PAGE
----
Moments come and go. But some moments hold more weight than others, shaping important parts of who we are. For me, taking pictures is a practice that allows me to better observe myself, others, and the world around me. Recently, I sat down to think about the moments that lead me to photography and how I became obsessed with chasing the light.
Life has a way of circling back to its beginning. As an adult, I’m fascinated by how many of my interests had roots in my early childhood. Photography is one of those seeds that was planted long ago.
I’ve never identified my father as a photographer. But I now realize he was exactly that. He had all the equipment, including a Vivitar 35mm film camera with several interchangeable lenses. More important than the gear, he had a passion for taking pictures.
As a small child, his equipment fascinated me. I remember how he let me hold the camera and take pictures. Often, he would task me with carrying his heavy camera bag, like a golf caddy who knew nothing about golf. Still, there was something about the clicking buttons and smooth, twisting controls on the lenses. Even as a child, the camera felt special; engineered like one of my father’s many collectible firearms.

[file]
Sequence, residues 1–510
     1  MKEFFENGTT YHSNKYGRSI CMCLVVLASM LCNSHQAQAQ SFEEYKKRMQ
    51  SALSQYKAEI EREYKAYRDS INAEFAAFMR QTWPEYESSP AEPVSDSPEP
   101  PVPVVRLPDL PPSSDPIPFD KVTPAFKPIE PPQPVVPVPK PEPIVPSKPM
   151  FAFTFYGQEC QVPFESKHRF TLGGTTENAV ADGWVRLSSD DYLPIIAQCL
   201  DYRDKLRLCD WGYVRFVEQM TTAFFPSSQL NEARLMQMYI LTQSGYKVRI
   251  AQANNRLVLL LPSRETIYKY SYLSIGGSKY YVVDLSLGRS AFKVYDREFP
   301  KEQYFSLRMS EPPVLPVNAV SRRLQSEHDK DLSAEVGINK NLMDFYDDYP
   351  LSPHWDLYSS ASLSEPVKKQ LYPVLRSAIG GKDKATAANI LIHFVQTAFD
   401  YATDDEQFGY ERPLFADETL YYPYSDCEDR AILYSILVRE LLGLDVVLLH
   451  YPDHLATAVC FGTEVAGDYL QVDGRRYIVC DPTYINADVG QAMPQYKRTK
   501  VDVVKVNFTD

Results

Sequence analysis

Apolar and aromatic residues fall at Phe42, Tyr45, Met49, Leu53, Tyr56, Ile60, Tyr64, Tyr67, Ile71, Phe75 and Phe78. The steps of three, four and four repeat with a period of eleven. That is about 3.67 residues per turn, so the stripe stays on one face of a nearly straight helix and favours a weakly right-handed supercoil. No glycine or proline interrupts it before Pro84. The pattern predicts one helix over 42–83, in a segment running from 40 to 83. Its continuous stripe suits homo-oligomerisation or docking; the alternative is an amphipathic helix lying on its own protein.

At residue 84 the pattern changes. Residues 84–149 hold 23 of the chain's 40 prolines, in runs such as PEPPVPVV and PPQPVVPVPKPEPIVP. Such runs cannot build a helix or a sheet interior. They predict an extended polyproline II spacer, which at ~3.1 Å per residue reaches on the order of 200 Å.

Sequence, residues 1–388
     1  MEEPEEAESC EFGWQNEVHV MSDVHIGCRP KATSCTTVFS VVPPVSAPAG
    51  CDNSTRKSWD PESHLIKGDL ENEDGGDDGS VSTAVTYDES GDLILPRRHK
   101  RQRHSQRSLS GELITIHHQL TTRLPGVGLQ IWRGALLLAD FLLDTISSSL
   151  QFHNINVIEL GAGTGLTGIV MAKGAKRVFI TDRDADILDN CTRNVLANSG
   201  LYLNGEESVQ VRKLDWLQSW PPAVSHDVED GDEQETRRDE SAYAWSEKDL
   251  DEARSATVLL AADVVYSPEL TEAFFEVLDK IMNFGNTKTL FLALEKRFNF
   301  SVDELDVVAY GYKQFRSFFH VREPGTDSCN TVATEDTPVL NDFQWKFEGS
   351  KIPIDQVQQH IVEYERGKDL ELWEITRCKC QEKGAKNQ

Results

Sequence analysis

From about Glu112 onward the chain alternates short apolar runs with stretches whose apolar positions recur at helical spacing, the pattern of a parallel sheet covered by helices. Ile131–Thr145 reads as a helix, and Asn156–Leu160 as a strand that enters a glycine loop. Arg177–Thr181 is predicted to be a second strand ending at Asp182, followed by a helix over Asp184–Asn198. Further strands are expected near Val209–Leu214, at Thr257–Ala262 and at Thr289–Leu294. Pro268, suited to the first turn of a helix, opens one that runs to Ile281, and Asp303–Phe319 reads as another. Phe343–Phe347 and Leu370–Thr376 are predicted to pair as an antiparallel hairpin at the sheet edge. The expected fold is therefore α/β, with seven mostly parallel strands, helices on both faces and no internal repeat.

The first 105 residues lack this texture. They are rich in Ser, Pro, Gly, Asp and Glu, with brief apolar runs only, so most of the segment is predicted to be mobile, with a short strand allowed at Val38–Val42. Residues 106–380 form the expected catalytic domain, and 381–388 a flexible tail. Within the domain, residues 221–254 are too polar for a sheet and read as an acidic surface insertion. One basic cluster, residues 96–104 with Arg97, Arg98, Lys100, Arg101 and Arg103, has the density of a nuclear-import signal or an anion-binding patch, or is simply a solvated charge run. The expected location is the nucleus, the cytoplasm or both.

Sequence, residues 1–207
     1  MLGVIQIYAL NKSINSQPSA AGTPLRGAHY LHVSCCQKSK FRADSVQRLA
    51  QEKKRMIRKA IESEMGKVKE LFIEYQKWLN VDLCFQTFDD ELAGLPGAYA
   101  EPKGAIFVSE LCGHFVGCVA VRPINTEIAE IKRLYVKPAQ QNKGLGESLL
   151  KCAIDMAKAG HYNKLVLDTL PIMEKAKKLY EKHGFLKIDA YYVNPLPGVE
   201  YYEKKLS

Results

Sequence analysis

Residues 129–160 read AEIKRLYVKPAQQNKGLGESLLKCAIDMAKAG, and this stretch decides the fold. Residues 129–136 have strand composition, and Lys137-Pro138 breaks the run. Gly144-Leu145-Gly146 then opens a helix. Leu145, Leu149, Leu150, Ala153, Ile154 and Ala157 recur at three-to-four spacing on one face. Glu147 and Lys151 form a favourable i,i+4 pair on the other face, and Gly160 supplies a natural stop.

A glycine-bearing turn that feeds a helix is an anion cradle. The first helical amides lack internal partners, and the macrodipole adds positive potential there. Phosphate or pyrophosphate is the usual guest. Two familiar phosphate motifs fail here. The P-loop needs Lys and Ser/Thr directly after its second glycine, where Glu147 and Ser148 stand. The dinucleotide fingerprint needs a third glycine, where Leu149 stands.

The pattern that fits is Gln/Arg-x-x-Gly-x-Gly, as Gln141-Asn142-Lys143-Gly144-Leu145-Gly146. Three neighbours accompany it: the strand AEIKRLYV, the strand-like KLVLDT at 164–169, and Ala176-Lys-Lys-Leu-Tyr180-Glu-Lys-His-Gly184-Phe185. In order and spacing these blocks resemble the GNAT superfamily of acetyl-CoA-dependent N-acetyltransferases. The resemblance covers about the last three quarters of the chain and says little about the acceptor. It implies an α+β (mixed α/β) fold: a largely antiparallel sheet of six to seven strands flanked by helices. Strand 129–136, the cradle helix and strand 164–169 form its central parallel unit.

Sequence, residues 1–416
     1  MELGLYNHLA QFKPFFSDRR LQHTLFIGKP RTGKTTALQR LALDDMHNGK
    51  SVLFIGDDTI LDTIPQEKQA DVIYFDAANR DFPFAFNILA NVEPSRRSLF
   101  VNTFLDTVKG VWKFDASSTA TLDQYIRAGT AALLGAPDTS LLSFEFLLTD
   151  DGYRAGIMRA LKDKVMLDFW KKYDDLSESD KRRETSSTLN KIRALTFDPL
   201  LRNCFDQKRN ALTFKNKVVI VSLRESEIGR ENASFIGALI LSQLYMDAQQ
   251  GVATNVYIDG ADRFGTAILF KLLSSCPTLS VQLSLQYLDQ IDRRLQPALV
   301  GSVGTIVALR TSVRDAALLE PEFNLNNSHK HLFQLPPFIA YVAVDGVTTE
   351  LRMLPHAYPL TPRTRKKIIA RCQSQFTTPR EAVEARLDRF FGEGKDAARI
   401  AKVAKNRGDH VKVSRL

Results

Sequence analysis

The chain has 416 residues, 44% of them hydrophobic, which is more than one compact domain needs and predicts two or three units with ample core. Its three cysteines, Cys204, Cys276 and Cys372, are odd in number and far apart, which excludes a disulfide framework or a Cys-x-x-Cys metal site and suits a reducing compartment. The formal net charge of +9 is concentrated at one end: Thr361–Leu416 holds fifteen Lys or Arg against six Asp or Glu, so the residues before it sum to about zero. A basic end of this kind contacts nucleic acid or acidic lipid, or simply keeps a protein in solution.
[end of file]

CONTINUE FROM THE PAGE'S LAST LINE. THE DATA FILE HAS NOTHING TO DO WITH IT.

The weight and action told me this was a powerful tool.
There were other objects I prized, like the smooth little plastic containers that once held film rolls. Some were clear; most were black with gray lids. I collected these for storing tiny items like coins I found in the couch seats, bbs for my air rifle, and other miscellaneous treasures.
My father’s photography regularly pulled me out of the house as we made trips to drop off film at the local store. We deposited several rolls of film while picking up the previous visit’s newly developed pictures. Thumbing through new photographs and seeing them for the first time was always an exhilarating experience. There were landscape photos from trips, action photos from my brother’s football and track meets, and general documentation of daily life in my interesting home.
I always tried to fill out the large envelopes used to submit the film for processing, marking whether the film roll was black and white or…